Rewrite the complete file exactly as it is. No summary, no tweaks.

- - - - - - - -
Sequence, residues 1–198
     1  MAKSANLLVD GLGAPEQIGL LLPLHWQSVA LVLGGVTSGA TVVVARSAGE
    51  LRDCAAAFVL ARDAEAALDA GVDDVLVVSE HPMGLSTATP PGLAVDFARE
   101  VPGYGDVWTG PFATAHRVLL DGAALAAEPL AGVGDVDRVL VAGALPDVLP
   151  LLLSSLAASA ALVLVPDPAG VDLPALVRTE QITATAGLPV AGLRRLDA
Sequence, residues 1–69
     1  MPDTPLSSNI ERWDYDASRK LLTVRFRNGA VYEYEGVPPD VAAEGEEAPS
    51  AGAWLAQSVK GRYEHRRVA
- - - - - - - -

Sequence, residues 1–198
     1  MAKSANLLVD GLGAPEQIGL LLPLHWQSVA LVLGGVTSGA TVVVARSAGE
    51  LRDCAAAFVL ARDAEAALDA GVDDVLVVSE HPMGLSTATP PGLAVDFARE
   101  VPGYGDVWTG PFATAHRVLL DGAALAAEPL AGVGDVDRVL VAGALPDVLP
   151  LLLSSLAASA ALVLVPDPAG VDLPALVRTE QITATAGLPV AGLRRLDA
Sequence, residues 1–69
     1  MPDTPLSSNI ERWDYDASRK LLTVRFRNGA VYEYEGVPPD VAAEGEEAPS
    51  AGAWLAQSVK GRYEHRRVA